Chef convicted of killing wife to appeal

A CHEF jailed for life for bludgeoning his wife to death with a club hammer has been granted leave to appeal against his conviction for murder.A date has not yet been set for 44-year-old Colin Dorey's hearing in London's Court of Appeal, but it is thought his case will be re-examined within the next 18 months.

A CHEF jailed for life for bludgeoning his wife to death with a club hammer has been granted leave to appeal against his conviction for murder.

A date has not yet been set for 44-year-old Colin Dorey's hearing in London's Court of Appeal, but it is thought his case will be re-examined within the next 18 months.

A trial was told the father-of-three repeatedly battered his 37-year-old wife Christine in the head and face as she dozed on the sofa at the couple's home in Bury St Edmunds in January 2001. Their young children were all asleep upstairs at the time of the incident.

Dorey denied murdering the mother of his children but admitted the lesser charge of manslaughter. He was tried at Ipswich Crown Court after prosecutors refused to accept this guilty plea, and was convicted of murder on a majority verdict.


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"Leave to appeal has been granted, but no date has been fixed as yet," said a spokesman for the Crown Prosecution Service.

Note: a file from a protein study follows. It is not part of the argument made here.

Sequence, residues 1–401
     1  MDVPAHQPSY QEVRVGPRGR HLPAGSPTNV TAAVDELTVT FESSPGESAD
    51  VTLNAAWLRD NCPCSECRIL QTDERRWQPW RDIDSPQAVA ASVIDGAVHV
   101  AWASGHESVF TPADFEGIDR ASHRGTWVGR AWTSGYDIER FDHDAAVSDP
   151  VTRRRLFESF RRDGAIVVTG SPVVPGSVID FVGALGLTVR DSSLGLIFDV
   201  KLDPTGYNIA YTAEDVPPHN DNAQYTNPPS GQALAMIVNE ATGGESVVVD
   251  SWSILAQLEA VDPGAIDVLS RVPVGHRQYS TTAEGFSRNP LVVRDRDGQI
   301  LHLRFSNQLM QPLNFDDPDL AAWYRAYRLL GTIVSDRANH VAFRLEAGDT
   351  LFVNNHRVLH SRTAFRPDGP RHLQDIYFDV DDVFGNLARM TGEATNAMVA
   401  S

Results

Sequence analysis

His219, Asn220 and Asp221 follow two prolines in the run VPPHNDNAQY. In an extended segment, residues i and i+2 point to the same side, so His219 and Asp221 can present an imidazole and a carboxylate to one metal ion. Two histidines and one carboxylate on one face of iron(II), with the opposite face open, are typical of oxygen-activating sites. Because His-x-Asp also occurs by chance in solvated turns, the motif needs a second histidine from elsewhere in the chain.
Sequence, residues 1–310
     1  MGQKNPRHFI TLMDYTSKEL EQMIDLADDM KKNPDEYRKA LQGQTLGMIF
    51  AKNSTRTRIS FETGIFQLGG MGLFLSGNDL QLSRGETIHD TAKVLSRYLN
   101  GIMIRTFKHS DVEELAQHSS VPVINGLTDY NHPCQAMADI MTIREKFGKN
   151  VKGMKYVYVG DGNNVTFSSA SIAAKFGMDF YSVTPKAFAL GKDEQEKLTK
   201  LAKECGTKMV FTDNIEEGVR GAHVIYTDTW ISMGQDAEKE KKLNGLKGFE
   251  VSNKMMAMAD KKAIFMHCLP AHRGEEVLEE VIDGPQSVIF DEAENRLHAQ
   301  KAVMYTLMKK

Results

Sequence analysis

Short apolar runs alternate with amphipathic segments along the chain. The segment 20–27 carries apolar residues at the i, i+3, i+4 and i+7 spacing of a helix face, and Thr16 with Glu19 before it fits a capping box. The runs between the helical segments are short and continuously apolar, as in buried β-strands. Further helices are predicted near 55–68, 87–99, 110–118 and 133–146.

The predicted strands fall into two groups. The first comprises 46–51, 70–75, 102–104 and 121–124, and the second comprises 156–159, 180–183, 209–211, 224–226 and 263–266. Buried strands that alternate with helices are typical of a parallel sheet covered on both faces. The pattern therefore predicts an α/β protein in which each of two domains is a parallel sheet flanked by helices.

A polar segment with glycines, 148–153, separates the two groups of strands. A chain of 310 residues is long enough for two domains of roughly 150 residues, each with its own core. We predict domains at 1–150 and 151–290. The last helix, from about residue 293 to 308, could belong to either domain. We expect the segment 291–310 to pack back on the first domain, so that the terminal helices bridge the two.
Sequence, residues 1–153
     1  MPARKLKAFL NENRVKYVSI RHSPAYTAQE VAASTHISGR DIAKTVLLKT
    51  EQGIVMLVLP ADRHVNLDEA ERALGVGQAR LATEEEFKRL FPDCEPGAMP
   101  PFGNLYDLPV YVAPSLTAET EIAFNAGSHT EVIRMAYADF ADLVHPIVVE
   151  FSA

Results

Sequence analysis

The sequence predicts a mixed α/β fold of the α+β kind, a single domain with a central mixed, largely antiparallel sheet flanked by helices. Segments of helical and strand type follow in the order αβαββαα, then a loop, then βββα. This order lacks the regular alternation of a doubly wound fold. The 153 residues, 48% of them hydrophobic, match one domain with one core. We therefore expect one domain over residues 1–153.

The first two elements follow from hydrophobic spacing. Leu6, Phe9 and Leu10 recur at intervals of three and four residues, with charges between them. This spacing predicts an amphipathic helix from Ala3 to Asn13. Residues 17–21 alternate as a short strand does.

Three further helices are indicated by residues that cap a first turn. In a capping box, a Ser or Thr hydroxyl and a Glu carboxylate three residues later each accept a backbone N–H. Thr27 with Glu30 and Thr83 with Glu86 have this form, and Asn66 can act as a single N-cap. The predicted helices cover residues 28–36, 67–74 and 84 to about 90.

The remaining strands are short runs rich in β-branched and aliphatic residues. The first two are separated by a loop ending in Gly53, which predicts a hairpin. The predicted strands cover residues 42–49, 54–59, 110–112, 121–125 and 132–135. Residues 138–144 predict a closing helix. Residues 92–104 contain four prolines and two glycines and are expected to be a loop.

"Such appeals can take between six and 18 months to take place. We have not yet received notification of the grounds on which the appeal has been lodged."

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Christine's parents, Hugh and Sue Buxton, have taken responsibility for their three grandchildren since the fateful events of Christmas 2001, saying they were effectively orphaned by the incident.

After hearing of Dorey's plans to appeal earlier this year, they reaffirmed their faith in the jury's verdict, saying the case had been heard fairly and fully during the eight-day trial in August 2002.

"We relied upon the country's justice system to prove a case," said Mr Buxton, who works for the Animal Health Trust in Newmarket. "We feel it has been proved, and every opportunity was given for the case to be presented to its full extent. We stand by that."

And following their son-in-law's conviction, they issued a joint statement saying: "There can be no joy as a result of the jury's decision.

"Colin Dorey's actions have deprived us of our daughter and our grandchildren of their mother.

"This event will impact on the children, ourselves and our family for the rest of our lives. The repercussions of his actions will always be felt by our family and, we are sure, his family."

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